An international research consortium under the leadership of scientists of the German Cancer Research Center (Deutsches Krebsforschungszentrum, DKFZ) has shown that a common gene variant increases the risk of developing breast cancer.
In roughly five to ten percent of breast cancer cases there is a family history of breast cancer– i.e., hereditary and, thus, genetic factors play a role here. Alterations in the genes known as BRCAI and BRCAII are a major cause of familial breast cancer – these are responsible for roughly 25 percent of such cases.
"In Germany, 75 percent of familial breast cancers are not attributable to mutations in BRCAI and BRCAII. We assume that these cancers are caused in part by rare mutations and in part by unfavorable combinations of risk variants in various genes, which, on their own, have only little effect. Only very few of these have been identified so far – we are searching for the other ones," said Associate Professor Dr. Barbara Burwinkel of the DKFZ.
Members of the AKAP protein family are responsible for transmitting important signals in a cell. Scientists have suspected these proteins to be involved in cancer development. A large international study headed by Barbara Burwinkel has now delivered proof that this is true for breast cancer.
In collaboration with the German Consortium for Familial Breast and Ovarian Cancers, the research team studied six gene variants in the AKAP family. Two of these, both located on the AKAP9 gene, have indeed been found to be associated with an increased breast cancer risk. Since the two gene variants are always inherited together, further investigations will have to determine whether one of these or both variants in combination are responsible for the risk effect. This finding was confirmed by a large international study in collaboration with researchers from Germany, the United Kingdom, the U.S.A. and Australia. The study included 9,523 breast cancer patients including 2,795 familial breast cancer cases and almost 14,000 healthy women.
For women carrying the two variants in both copies of their AKAP9 genes, the risk of developing breast cancer in the course of their lifetimes is elevated by 17 percent. In women from breast cancer families, this effect is even more substantial: their risk is increased by 27 percent. If only one of the AKAP9 copies is affected, the breast cancer risk is only slightly elevated by approximately eight percent or twelve percent for women from breast cancer families, respectively.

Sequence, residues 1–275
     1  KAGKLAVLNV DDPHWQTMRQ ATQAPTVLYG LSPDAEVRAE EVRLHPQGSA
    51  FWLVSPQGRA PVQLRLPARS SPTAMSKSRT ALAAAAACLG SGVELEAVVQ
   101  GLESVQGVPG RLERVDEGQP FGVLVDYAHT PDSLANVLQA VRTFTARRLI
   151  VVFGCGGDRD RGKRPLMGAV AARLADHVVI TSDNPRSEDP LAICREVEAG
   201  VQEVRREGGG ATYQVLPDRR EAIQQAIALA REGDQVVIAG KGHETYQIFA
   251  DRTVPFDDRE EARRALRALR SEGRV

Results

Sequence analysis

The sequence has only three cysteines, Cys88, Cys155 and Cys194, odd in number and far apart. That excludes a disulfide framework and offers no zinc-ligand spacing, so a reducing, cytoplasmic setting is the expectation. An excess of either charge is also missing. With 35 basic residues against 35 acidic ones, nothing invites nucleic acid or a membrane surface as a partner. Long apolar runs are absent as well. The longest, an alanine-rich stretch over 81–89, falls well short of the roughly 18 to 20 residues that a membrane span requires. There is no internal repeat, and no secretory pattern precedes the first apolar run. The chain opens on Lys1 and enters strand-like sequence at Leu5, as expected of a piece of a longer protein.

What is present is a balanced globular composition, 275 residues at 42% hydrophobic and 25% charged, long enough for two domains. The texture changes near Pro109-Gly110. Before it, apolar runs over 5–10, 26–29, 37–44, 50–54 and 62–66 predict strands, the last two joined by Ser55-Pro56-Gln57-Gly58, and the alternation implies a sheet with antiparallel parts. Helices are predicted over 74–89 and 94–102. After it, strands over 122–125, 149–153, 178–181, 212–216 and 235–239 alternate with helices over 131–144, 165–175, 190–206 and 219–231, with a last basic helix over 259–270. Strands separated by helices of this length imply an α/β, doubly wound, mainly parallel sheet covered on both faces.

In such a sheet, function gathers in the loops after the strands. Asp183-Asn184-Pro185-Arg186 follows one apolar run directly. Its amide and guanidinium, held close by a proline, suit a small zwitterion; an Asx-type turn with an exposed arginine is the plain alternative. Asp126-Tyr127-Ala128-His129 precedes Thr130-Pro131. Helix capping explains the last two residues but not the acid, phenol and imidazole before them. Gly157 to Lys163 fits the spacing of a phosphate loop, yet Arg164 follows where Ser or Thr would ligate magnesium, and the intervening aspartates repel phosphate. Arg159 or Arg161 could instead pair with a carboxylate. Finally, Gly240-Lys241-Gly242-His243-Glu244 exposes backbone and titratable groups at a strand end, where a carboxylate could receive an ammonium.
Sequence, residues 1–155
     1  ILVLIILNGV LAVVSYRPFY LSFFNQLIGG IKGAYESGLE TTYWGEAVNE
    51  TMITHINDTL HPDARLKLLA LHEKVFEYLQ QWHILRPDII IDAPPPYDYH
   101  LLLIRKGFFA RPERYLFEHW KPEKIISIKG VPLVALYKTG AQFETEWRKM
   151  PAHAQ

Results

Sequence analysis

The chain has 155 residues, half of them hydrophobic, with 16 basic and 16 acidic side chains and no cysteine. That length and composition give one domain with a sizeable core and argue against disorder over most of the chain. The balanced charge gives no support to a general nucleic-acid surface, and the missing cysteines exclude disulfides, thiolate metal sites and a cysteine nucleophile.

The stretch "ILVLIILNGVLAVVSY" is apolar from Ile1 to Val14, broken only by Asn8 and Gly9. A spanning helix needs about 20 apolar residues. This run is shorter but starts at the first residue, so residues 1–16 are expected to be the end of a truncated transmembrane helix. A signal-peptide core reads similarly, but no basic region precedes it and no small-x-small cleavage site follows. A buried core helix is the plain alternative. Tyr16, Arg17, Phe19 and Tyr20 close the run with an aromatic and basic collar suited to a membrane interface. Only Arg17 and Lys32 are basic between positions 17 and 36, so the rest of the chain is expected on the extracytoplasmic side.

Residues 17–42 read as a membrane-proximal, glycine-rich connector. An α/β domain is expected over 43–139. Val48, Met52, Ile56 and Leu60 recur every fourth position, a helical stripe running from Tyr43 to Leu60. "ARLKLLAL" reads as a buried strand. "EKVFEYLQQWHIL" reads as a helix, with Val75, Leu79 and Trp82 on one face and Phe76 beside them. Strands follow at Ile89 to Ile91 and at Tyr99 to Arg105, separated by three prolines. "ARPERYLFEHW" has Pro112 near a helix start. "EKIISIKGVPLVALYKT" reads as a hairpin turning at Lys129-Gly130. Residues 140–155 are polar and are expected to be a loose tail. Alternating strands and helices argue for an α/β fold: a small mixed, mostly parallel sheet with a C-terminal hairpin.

"This shows that the AKAP9 variants have much less effect on breast cancer risk than, for example, BRCA mutations. On the other hand, these variants are much more common in the population. We also do not know yet which control cycles of the cell metabolism are affected and how this can lead to cancer," said Barbara Burwinkel to qualify the finding. "But there is already evidence suggesting that the two variants also increase the risk of developing lung cancer or colon cancer."
Bernd Frank, Miriam Wiestler, Silke Kropp, Kari Hemminki, Amanda B. Spurdle, Christian Sutter, Barbara Wappenschmidt, Xiaoqing Chen, Jonathan Beesley, John L. Hopper, Australian Breast Cancer Family Study Investigators, Alfons Meindl, Marion Kiechle, Tracy Slange , Peter Bugert, Rita K. Schmutzler, Claus R. Bartram, Dieter Flesch-Jany , Elke Mutschelknauss, Katie Ashton, Ramona Salazar, Emily Webb, Ute Hamann, Hiltrud Brauch, Christina Justenhove , Yon-Dschun Ko, Thomas Brüning, Isabel dos Santos Silva, Nichola Johnson, Paul P. D. Pharoah, Alison M. Dunning, Karen A. Pooley, Jenny Chang-Claude, Douglas F. Easton, Julian Peto, Richard Houlston, Gene Environment Interaction and Breast Cancer in Germany Group, Kathleen Cuningham Foundation Consortium for Research into Familial Breast Cancer Investigators, Australian Ovarian Cancer Study Management Group, Georgia, Chenevix-Trench, Olivia Fletcher and Barbara Burwinkel: Association of a Common AKAP9 Variant With Breast Cancer Risk: A Collaborative Analysis. Journal of the National Cancer Institute, vol. 100, page 1, 2008
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